--Tree Collections: Check out the selections available for purchase from the Arbor Day Foundation’s nursery. They offer quite a selection of fruit trees and shrubs, flowering ornamentals, evergreens of all kinds and quantities, and some curated collections that will help guide your selections, according to your planting goals and location.
--Tree ID guide: The Arbor Day Foundation has had a printed publication for years, and that is definitely still available (if you join as a member, they send you one for free!), but here is a handy online edition, and even an iPhone app. Frankly, I prefer other tree identification guides, but these companion sources do offer a lot of information.
--The Tree City USA program is a way to celebrate and promote urban forestry across the country. Did you know that Ohio leads (by FAR!) the number of tree cities in any state: We’ve got 243 certified communities, with Wisconsin in second place with 193. And three cities (Springfield, Westerville, and Wooster) have been members for 41 years! Millersburg has been a member for two years, thanks in no small part to the efforts of Arlie Rodhe!
--If you’re looking for a meaningful gift or a way to give back, the foundation is one way to do it! Plant trees in memory of someone, as a gift for holidays, or even for your pet, in rainforests around the world, in National Forests, for Natural disaster relief, or to offset your carbon footprint.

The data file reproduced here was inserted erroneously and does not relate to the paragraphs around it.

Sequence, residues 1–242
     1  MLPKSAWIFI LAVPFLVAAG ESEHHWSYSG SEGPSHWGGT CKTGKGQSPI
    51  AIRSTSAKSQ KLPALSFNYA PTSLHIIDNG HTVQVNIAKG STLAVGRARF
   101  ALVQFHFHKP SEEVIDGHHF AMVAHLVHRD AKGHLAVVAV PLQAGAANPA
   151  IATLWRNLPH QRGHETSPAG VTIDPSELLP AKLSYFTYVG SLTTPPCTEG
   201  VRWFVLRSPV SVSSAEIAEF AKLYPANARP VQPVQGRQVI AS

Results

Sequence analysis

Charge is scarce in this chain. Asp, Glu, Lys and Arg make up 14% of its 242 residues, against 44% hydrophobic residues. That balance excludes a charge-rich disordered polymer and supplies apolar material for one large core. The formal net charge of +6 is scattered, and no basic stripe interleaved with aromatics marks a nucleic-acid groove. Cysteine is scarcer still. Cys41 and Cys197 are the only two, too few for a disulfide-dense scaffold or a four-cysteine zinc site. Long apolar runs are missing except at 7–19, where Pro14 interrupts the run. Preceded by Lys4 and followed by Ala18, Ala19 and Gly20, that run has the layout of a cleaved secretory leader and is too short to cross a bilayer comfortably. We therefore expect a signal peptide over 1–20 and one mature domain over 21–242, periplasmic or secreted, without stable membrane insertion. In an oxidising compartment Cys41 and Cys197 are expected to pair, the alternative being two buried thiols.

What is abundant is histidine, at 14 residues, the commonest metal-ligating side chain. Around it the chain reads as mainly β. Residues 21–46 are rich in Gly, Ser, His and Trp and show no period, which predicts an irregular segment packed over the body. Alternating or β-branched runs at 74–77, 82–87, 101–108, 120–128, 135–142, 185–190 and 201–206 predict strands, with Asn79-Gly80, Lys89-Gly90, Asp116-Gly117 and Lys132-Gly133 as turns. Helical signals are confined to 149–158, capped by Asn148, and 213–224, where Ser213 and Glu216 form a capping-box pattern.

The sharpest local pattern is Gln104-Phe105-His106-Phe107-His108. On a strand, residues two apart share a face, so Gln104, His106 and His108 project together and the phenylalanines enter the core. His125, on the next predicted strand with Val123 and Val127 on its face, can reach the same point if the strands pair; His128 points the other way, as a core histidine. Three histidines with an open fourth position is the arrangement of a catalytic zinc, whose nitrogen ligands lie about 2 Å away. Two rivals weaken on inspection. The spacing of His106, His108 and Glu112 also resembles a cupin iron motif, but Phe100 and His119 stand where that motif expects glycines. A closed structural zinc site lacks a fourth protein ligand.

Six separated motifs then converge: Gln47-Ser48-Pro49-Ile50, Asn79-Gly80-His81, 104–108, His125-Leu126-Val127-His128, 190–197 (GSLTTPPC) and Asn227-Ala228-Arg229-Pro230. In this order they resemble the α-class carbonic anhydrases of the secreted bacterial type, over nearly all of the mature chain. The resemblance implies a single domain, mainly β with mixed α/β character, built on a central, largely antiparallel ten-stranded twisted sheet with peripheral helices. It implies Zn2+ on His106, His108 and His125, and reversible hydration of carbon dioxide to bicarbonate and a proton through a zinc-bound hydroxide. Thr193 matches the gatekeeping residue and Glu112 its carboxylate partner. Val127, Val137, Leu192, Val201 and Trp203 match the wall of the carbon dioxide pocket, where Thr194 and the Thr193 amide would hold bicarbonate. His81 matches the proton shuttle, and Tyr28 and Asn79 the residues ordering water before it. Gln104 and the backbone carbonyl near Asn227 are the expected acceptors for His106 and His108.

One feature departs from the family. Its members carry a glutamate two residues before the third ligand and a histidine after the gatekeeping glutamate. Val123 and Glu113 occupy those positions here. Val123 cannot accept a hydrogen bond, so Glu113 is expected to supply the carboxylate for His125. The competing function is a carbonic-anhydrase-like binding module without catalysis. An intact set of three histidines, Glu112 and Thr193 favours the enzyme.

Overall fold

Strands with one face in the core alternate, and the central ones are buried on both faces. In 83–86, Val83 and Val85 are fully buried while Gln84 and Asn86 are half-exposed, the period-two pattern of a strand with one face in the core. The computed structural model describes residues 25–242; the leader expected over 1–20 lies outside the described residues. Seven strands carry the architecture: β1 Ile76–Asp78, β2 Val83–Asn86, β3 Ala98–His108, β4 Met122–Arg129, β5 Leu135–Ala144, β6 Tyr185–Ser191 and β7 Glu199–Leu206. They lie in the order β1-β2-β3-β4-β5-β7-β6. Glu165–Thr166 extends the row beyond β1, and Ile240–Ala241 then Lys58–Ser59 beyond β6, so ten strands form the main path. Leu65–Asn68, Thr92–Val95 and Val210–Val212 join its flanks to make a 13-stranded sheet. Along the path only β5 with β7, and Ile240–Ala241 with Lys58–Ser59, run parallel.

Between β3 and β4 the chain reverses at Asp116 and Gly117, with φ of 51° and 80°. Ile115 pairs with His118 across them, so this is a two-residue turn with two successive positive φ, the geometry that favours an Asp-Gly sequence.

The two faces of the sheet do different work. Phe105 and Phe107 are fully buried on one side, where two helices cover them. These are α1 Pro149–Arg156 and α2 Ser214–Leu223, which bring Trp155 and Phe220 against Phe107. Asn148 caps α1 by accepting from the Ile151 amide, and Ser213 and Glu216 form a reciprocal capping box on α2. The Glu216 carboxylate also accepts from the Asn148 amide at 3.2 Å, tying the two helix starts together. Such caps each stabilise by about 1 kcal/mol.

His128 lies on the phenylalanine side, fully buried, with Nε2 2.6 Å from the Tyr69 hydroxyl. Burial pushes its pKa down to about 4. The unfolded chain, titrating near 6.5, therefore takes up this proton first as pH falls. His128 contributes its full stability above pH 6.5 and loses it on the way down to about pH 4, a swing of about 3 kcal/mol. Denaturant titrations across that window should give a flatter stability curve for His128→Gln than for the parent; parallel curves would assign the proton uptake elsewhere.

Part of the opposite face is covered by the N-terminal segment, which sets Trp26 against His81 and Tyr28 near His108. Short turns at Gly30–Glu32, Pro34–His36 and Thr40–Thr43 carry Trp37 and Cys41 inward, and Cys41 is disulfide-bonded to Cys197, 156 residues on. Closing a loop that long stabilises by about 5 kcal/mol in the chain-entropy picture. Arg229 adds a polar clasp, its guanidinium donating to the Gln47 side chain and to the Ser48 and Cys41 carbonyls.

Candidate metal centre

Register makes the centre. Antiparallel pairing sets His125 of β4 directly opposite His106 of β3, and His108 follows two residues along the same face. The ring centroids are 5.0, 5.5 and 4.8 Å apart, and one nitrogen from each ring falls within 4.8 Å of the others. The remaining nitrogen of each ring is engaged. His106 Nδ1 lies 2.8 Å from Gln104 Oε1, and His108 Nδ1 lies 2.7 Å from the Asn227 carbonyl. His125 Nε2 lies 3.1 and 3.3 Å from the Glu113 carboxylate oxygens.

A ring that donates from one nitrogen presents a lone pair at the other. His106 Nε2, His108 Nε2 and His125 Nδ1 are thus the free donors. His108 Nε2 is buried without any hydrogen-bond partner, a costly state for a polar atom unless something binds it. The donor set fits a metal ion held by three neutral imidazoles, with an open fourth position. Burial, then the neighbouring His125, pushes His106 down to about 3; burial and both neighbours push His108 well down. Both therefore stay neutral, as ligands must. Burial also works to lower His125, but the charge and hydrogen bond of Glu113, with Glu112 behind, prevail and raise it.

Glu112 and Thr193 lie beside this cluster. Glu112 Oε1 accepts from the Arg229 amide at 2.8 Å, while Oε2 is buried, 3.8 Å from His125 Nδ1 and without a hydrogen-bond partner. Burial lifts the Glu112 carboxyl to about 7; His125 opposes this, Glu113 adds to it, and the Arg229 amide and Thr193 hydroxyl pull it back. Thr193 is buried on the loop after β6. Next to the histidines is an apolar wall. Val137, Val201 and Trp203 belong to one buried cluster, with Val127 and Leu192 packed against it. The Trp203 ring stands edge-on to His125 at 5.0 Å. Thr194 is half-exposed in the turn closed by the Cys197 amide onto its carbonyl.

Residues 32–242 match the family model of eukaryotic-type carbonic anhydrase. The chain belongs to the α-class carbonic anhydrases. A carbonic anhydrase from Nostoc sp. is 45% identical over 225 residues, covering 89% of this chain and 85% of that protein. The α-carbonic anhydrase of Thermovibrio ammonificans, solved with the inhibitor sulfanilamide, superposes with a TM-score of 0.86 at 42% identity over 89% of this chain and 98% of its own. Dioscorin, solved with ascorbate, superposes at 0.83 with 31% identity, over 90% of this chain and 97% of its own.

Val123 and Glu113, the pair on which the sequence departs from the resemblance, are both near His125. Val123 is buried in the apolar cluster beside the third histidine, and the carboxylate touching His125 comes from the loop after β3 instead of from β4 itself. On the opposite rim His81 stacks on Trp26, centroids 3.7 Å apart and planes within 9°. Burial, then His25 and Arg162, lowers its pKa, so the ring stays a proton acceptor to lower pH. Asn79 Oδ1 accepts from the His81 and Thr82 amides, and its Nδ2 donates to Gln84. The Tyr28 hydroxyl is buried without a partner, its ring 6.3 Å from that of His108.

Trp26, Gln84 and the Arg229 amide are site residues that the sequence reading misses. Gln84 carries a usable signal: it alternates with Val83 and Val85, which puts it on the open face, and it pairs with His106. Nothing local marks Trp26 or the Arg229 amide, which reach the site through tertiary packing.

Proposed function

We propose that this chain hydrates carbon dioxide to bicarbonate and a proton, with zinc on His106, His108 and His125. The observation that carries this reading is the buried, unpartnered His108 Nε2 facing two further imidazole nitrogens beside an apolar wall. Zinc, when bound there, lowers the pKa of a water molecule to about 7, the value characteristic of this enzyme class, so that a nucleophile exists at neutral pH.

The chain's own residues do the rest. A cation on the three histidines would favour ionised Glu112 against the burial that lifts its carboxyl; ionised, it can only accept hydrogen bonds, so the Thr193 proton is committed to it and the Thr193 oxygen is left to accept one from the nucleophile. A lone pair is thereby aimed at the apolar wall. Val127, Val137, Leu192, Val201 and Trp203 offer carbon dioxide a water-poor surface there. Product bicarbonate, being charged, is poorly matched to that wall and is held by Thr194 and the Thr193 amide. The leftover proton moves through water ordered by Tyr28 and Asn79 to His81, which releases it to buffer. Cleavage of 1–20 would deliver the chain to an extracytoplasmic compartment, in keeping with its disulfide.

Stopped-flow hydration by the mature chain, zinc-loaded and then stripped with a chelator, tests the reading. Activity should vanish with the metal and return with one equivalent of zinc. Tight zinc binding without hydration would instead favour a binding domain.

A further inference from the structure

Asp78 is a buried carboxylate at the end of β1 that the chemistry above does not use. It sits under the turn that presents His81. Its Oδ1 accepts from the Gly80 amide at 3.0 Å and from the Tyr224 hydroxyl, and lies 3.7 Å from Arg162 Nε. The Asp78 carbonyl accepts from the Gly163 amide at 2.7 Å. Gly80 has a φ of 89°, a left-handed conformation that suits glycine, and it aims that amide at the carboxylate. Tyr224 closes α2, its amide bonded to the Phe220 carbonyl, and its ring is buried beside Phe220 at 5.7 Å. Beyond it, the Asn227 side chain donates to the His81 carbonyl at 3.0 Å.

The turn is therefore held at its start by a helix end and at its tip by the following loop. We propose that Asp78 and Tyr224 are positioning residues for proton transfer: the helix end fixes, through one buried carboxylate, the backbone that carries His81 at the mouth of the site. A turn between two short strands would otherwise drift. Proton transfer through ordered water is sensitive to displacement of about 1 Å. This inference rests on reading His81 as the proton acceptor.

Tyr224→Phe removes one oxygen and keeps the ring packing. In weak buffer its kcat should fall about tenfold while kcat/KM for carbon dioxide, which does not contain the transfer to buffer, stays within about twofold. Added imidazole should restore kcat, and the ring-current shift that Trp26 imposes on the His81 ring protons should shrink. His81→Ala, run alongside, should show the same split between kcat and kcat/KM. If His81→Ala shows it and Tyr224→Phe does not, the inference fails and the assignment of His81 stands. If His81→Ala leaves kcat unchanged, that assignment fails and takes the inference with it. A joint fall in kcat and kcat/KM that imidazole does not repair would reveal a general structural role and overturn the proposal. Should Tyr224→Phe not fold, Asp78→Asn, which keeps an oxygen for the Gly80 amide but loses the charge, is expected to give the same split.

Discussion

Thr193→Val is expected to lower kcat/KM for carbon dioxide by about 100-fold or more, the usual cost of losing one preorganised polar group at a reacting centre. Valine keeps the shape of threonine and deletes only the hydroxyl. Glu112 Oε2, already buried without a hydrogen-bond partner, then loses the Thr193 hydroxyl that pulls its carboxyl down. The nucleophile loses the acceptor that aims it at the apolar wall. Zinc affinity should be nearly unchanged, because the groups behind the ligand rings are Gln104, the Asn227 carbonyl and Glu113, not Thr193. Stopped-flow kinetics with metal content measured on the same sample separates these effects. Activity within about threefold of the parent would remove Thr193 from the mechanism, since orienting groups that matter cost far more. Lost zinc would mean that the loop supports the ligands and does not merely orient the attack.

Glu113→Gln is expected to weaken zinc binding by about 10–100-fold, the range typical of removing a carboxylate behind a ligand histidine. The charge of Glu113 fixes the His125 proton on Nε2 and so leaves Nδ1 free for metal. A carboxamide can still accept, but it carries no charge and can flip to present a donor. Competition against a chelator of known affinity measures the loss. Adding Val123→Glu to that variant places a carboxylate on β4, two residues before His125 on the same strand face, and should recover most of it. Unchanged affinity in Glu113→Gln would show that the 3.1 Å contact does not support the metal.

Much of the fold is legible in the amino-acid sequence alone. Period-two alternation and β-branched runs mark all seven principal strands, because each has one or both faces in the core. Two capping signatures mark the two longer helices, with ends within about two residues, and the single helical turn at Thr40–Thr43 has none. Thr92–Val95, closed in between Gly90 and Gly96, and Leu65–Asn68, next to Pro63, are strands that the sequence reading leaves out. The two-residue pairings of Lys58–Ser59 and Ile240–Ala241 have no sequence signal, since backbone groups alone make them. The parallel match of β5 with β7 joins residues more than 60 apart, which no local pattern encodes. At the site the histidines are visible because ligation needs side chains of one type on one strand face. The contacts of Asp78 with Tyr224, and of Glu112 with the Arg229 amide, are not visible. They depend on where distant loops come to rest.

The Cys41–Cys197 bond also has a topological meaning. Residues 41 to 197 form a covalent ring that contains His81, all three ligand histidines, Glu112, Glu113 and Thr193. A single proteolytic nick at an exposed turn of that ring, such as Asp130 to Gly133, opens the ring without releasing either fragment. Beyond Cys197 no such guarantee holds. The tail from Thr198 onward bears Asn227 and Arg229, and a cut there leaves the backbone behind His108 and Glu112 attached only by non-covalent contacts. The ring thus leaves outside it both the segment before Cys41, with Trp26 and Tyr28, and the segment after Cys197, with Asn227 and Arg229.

--Free trees now with a membership The foundation is currently giving away 10 free seedlings if you join for a $10 or $15 membership! Who could say no to free trees? And there’s even a pretty decent variety to choose from.
Other Helpful (and Fun!) links:
What Tree Is It? This is my go-to tree identification tool. Interestingly, it is a collaboration between the Ohio Public Library Information Network and the Ohio Historical Society, but winds up being a very easy to use and comprehensive informational key about most tree species found in Ohio. You can begin a search by both Common and Scientific Names, or by Leaf, or by “Fruit”, then easily click through to get to a basic information sheet about the species.